The Rise of AI and the Fall of the Expanded Text Ad
Self-driving cars, digital assistants and AI-driven copy-generating algorithms – technology is changing the world at a rapid pace. The latest update in the inexorable march towards automation is that Google plans to sunset their Expanded Text Ads (ETAs) by June 2022.
According to Google:
The ways people search are constantly changing. In fact, 15% of search queries every day are new searches we’ve never seen before. As consumer trends shift and evolve, it’s more important than ever to make it easier for people to connect with your business through relevant and helpful ads.
Automation is key to keeping pace with these trends. Responsive search ads are a great example of how this is done—they combine your creativity with the power of machine learning to help you show more relevant ads to more people. This is a powerful combination: advertisers that switch from expanded text ads to responsive search ads, using the same assets, see an average of 7% more conversions at a similar cost per conversion.
Advertisers might have seen this coming after ETAs were removed as the default ad type in around February, in favour of Responsive Search Ads (RSAs).
To say reactions have been mixed would be an understatement. While no one is thrilled about the shift, advertisers are expressing various degrees of dissatisfaction and concern — in some cases as a result of personal experience, and in others as a result of their level of knowledge.
Not to say that there is anything wrong with RSAs, but they definitely don’t allow the same kind of control that ETAs do, and it does feel like Google is trying to take full control of our ad accounts.
According to PPC expert Susie Marino, this is at least partially true: “Google isn’t necessarily taking control of the copy, but more so taking control of the order of the copy—which can completely change the context of the ad, sure.”
But advertisers will probably miss the ease of creating ETAs, rather than the control. Those who struggle to come up with three headlines and two description lines are definitely going to struggle to come up with seven and four.
And the problem with RSAs isn’t necessarily a lack of control over the order. There are only so many ways to say “buy our insurance” or “contact us for a consultation” at times.
What Google Has to Say About It
“To prepare for this change, we recommend that you have at least one responsive search ad in every ad group in your Search campaigns by June 30, 2022.”
Google also included some suggestions for how advertisers can repurpose their ETAs into RSAs:
- Repurpose high-performing material from your expanded text ads and place an emphasis on Ad strength.
- In your responsive search advertisements, pin headlines or descriptions to certain locations.
- Assess the performance of your ads based on the number of incremental impressions, clicks, and conversions received by your ad groups and campaigns.
This is just the latest in Google’s efforts to push automation through their ads.
Should You be Panicking?
Not really.Google Ads has done an excellent job of enhancing the ad structure and allowing us to replicate ETA brand integrity while taking use of built-in A/B testing.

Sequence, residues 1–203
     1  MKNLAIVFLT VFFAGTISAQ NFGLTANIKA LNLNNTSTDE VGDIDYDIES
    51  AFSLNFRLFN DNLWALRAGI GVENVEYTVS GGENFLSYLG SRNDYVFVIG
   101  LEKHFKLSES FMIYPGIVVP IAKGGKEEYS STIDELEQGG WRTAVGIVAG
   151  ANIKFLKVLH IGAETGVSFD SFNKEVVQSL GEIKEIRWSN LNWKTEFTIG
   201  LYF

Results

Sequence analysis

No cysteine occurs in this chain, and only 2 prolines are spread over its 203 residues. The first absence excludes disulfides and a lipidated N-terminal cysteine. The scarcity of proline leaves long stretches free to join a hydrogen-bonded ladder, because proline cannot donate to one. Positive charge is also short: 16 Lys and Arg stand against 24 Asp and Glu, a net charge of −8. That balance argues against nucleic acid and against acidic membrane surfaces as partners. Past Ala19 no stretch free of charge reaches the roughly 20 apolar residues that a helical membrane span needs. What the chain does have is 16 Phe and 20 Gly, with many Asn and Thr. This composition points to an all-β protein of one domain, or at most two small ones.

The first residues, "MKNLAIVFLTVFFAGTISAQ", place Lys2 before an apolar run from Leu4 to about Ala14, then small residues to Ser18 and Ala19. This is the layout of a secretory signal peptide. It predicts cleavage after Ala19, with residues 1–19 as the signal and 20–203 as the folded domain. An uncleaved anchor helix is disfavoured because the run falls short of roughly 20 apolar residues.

And according to Susie.
“In my experience, I’ve often seen RSA actually perform better than the ETAs. Not always, but usually. Maybe that’s because Google has been secretly favoring them and ranking them higher all along. Who knows. But this definitely matches Google’s overall push for automation and trust in its algorithm. I’ll give them credit that their machine learning has gotten better over the years (which is probably why they’re deciding to do this now). But they still have a long way to go.”
You’ll also still have some control through pinning. According to Eben Lowy on Twitter:
“You can make ETAs using pinning. Just make exactly three headlines and two descriptions in the RSA and pin all of them.”
Though this defeats the purpose of RSAs, that’s the goal for some advertisers. Susie recommends another solution in which you fill out only three headlines and two descriptions and leave the rest of the RSA blank, as if it were an ETA. But she cautions that Google detects ad strength in each of those workaround cases, therefore doing so may harm your Quality Score or ad rank.
Another source of worry for marketers is reporting. Reporting enables us to test and optimize, and the goal of RSAs is to include testing into the campaign and let Google handle the rest. The idea is that you will save time in Google Ads while Google will bring up more relevant headlines to its searchers.
No matter our opinion, RSAs are here to stay, and ETAs are on their way out. All we can do is accept and adapt. Regardless of how much this may affect your Google Ads performance, we can’t change Google’s thinking, thus the best option is to accept.
If you haven’t already, familiarize yourself with RSAs, start pumping out ETAs like there’s no tomorrow, and make use of pinning capabilities and call-only advertisements.
Google Ads should provide some new tools to aid with reporting and other issues, so keep an eye out for future announcements and platform upgrades.